It is a conventional practice allowing only one way flow of information, which is condemned in the modern approach (Spielman et al., 2010). This off-course shows the absence of participatory technology development system. A review research in Ethiopia on the similar topic by Sewunet et al. (2016) discussed the separate administration of research institutions and extension sector resulting with a limited work relationship between these actors. To some extent the different actors are involved during dissemination of the technologies as compared to technology development stage. This might contribute towards the ill-functioning of the agricultural knowledge and information system in the area. This is because the other party involves in the dissemination process without having deep knowledge about that particular technology because of absence of involvement during the development of the technology. This might affect the effectiveness of the developed technology as well as the agricultural information/knowledge and technology transfer system (Douthwaite et al., 2000). This is because the actors who are not involved during the technology planning and development process might have low understanding about the technology. The process also clearly shows the negligence of farmers demand and indigenous knowledge which can be solved through practicing participatory research approach. Moreover, pre-research problem assessment needs to get due attention so as to respond to farmers practical problem.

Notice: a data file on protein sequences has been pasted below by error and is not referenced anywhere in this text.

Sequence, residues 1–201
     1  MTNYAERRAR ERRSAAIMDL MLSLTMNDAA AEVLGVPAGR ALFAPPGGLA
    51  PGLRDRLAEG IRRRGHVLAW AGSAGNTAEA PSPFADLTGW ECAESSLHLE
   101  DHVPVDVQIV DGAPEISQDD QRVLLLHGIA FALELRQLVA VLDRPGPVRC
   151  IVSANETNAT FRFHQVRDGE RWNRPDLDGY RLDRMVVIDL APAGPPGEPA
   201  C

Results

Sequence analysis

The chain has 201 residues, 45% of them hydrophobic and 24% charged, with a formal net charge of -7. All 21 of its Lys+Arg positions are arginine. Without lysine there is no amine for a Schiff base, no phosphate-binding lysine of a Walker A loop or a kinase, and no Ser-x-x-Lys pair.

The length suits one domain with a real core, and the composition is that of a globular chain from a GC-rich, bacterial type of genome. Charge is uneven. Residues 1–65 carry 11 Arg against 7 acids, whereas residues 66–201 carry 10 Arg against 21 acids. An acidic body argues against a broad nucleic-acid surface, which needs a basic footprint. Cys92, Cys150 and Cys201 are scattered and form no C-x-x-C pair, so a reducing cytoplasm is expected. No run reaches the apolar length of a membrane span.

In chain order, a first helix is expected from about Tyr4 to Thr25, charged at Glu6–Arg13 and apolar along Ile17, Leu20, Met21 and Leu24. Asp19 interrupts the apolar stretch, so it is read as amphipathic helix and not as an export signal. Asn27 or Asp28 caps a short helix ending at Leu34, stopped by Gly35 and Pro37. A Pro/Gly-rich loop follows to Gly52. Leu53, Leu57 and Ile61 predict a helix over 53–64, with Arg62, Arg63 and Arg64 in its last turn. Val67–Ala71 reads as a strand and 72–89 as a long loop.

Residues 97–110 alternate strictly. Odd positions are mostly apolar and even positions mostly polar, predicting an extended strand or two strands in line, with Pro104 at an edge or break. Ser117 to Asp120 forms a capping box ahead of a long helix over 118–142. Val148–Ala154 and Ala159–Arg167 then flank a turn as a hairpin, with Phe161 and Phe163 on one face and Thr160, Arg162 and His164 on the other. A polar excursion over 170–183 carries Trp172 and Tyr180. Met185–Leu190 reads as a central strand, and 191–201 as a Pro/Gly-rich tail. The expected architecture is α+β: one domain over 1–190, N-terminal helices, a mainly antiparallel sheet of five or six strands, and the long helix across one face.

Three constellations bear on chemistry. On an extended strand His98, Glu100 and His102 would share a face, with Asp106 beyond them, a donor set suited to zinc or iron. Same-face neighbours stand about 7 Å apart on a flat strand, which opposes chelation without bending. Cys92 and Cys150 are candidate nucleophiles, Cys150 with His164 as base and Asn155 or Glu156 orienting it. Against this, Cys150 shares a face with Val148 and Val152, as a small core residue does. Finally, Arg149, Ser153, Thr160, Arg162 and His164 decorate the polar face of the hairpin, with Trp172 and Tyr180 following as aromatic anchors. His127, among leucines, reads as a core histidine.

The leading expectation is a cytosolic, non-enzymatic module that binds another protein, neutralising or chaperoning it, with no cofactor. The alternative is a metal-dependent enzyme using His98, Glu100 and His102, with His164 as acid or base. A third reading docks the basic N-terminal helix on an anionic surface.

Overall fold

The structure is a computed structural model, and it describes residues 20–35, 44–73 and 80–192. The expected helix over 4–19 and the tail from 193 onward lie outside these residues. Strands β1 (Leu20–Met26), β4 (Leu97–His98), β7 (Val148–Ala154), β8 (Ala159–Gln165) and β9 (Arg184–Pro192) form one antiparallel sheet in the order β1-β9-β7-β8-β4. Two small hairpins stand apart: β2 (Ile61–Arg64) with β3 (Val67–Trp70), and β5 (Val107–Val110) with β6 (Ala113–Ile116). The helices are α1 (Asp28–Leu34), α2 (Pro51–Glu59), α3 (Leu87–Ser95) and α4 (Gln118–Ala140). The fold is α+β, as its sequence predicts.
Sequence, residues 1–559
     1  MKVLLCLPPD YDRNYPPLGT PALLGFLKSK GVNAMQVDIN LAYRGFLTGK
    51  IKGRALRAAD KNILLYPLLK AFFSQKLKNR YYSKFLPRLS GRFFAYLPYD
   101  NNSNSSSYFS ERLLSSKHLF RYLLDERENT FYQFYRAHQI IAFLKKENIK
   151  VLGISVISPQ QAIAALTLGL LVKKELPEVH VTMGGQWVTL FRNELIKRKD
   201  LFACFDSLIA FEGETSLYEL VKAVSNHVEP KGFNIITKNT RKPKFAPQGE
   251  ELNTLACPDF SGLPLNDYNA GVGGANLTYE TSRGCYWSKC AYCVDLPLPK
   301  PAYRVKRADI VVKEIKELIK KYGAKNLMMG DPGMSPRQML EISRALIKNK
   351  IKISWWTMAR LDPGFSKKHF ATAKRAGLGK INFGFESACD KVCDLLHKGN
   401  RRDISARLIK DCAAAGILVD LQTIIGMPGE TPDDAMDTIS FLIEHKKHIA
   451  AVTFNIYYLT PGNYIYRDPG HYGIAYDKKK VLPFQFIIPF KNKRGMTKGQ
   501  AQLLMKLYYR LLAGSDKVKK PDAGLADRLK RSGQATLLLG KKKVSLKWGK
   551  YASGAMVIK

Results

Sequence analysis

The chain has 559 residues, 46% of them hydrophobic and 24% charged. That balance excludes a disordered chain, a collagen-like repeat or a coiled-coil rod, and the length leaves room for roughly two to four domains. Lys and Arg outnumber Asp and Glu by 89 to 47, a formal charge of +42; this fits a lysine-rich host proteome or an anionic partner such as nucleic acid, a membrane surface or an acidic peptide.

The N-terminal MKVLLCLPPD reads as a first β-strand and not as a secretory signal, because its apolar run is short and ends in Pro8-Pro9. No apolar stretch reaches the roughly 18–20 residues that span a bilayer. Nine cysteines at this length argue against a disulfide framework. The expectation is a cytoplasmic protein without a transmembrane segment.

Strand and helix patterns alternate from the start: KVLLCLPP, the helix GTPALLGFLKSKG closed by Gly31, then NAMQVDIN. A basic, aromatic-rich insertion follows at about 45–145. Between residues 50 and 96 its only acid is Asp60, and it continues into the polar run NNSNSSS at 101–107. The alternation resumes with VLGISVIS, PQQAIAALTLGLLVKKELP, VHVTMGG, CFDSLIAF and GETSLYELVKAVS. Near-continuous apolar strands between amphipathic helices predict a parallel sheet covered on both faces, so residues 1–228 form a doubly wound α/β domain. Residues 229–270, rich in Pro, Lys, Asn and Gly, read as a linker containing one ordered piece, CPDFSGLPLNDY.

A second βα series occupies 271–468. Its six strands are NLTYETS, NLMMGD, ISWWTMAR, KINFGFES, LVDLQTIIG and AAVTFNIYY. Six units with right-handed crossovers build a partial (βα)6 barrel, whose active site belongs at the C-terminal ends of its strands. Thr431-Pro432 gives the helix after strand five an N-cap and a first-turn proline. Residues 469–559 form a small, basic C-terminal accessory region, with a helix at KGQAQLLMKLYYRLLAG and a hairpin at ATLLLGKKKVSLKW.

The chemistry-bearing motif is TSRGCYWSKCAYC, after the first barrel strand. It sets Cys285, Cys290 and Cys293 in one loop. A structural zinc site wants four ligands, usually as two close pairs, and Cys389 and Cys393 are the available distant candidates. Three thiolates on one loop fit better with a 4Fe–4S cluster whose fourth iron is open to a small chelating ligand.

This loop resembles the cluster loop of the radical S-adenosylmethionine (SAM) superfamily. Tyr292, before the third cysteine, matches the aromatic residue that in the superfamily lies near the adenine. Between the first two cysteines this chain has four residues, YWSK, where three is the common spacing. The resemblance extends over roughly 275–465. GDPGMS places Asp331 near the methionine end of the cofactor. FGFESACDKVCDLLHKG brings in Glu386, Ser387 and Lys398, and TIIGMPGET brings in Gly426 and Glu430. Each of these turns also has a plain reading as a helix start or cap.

As per the new research structure of Ethiopia, agricultural research activities are executed in a case team bases, in which professionals from all the concerned departments are involved. The case team includes at least agronomist, soil scientist, agricultural extensionists and socio-economic professionals all having their role in technology development and dissemination process. This was designed to develop the technology with its full production package. This of course helps to have uniform understanding by all the concerned actors about the technologies developed. This system found to increase the participation level of different professionals from the beginning of the technology development, and thereby hasten the dissemination of the developed agricultural technologies. For agricultural information/knowledge and technology transfer from research to practice and vice versa to be effective, the involvement of all the concerned stakeholders is crucial. According to the expert elicitation result, different actors were involved directly or indirectly in the information and technology dissemination process as compared to the technology development activity. Once the technology scaling up is done by research institutions, the technology reaches farmers through the office of agriculture and in some places non-governmental organizations also take part in the dissemination process. According to the response of the sampled professionals, office of agriculture, research institutes, NGOs, Universities, administrative peoples at different level, seed enterprises, media, cooperatives and marketing promotion were the stakeholders involved in agricultural information/knowledge and technology transfer system in their respective order.